Wendy did not accept my premise about the demise of the family album and argues that we have more, rather than less access to family images in the digital era. That wasn’t really what I had meant though, so I need to consider whether to go down her suggested route or to try to make my current concept more easily understandable. What I really wanted to get across is that the performative and ceremonial aspects of getting out and going over the family album are dying out. Their current method of storage does not allow for this, and images tend to be glanced at quickly, instead of being pored over. In a way, I am mourning the disappearing pleasure of going through my mother and grandmother’s albums, looking at their clothes and the background scenery, and looking for family resemblences. She thought the way to go was to consider how redundant media is associated with certain types of image, providing ‘a timelock to a particular period‘. She mentioned obsolescent technologies, such as old computer drives and storage methods. I will have to think about this over Christmas with the aim of producing a re-write in early January.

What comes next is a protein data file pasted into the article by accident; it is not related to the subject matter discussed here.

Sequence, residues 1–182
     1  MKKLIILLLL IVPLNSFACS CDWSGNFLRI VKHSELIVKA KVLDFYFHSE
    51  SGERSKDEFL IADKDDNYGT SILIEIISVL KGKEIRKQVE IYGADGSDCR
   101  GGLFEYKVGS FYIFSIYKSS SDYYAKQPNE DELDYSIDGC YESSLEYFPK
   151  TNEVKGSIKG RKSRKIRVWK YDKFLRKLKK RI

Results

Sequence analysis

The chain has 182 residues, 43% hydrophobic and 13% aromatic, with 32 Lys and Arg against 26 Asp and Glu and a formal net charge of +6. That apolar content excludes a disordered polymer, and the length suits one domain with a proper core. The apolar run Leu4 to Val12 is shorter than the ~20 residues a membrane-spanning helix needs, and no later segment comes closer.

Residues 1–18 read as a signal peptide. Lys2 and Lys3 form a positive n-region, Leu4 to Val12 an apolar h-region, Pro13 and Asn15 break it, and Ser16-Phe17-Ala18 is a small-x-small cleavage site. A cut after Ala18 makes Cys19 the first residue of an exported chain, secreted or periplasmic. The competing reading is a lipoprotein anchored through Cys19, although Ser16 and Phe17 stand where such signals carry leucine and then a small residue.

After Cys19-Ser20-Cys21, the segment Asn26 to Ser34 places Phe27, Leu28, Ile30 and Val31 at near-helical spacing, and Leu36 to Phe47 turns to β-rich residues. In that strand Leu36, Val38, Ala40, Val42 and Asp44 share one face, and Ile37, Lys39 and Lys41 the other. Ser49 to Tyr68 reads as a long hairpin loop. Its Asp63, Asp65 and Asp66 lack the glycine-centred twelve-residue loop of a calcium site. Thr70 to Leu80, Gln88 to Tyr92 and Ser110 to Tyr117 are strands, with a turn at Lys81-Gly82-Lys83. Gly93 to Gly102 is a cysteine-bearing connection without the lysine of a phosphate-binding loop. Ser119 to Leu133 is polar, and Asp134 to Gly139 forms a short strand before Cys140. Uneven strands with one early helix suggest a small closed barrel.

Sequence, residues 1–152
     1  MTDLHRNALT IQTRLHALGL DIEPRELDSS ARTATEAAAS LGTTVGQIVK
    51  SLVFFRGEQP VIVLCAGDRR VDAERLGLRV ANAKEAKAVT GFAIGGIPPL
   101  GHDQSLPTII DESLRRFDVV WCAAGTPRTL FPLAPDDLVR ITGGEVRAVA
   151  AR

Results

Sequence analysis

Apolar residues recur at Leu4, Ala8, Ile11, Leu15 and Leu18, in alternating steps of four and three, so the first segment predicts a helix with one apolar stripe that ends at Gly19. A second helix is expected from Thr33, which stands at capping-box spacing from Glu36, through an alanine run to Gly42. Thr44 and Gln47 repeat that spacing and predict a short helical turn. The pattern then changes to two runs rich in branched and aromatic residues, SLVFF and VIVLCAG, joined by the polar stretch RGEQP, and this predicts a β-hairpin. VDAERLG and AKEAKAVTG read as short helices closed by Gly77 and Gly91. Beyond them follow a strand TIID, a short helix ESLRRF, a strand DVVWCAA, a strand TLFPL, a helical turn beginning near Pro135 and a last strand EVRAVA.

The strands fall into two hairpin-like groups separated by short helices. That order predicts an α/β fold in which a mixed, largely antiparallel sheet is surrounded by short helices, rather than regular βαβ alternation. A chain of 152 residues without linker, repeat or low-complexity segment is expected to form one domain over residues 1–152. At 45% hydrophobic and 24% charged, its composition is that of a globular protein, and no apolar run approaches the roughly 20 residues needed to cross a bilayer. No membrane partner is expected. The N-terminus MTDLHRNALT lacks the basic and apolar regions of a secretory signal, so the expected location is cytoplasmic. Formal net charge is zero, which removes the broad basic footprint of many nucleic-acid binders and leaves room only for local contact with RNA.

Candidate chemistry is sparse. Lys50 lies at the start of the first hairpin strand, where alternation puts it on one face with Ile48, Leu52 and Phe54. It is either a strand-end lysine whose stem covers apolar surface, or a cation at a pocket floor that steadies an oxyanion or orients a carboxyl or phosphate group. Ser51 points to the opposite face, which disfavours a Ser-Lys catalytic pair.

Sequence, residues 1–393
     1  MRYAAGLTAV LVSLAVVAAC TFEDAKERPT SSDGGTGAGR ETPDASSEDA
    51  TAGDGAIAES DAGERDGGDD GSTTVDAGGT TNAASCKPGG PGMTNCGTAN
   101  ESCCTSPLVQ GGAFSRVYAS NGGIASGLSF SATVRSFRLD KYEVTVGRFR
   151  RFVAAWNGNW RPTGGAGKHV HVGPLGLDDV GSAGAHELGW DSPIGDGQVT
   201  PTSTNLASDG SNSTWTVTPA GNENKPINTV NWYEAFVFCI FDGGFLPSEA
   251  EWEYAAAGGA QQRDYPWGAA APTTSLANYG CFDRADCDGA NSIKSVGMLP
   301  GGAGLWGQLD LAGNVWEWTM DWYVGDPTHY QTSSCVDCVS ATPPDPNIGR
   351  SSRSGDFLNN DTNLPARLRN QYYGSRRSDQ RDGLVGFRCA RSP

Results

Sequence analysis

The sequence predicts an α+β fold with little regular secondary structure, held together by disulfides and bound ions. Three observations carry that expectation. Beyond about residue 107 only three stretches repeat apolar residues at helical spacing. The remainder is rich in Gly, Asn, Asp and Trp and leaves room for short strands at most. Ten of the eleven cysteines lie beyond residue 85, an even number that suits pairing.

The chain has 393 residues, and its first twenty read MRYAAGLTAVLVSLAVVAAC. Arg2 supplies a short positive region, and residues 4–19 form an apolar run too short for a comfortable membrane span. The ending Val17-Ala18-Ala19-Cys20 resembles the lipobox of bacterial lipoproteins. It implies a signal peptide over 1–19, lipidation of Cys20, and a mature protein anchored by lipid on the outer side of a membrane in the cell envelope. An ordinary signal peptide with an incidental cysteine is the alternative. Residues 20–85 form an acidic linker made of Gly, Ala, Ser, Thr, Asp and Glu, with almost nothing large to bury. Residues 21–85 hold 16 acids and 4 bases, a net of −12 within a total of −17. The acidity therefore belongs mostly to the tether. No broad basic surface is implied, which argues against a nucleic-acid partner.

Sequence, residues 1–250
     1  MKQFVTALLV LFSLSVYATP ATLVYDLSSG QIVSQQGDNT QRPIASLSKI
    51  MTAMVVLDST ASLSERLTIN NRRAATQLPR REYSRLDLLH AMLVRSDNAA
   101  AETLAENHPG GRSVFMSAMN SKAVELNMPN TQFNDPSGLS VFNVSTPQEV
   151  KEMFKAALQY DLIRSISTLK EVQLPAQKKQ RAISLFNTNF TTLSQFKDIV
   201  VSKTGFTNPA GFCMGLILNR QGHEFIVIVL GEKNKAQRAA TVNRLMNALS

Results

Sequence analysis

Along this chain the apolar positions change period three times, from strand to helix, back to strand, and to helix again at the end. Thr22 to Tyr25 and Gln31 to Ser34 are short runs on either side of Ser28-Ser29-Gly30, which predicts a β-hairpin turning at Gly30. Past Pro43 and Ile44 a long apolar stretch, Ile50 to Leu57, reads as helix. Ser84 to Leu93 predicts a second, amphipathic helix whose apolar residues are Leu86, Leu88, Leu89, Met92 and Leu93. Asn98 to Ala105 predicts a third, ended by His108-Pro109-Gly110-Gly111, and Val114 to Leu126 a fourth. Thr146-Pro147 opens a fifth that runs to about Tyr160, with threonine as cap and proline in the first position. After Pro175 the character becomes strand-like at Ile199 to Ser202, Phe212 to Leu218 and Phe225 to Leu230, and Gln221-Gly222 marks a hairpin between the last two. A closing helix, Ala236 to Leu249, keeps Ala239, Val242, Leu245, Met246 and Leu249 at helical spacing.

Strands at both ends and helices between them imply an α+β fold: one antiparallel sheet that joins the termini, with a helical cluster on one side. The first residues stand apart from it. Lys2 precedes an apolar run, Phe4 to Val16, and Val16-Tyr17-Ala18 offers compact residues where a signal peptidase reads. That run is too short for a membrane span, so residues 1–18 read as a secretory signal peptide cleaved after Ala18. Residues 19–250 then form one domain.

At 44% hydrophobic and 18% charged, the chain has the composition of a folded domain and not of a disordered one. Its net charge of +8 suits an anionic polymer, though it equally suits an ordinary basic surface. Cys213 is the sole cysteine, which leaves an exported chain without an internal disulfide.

I think the simplest approach often works best here – as in the second image in your series, where one image is simply presented next to its associated hard drive. Your first image works well too. That way of bringing gives us all of the information we need. For your final submission, I’d produce a series of images which are produced in a similar way visually. Do you want to add titles (dates etc?) That might be interesting in regards to your theme?

I think what Wendy is saying here is that simplicity is better than overload and to limit the amount of information on each image. I too like no 3 (my numbering including the grids at present) and think it is the strongest of the group. I take the point about producing 8-12. There needs to be more of them.

I’m not sure that you need the grid of images? Presumably this is a highly edited set of images anyway as the original HD must contain tens of thousands of images?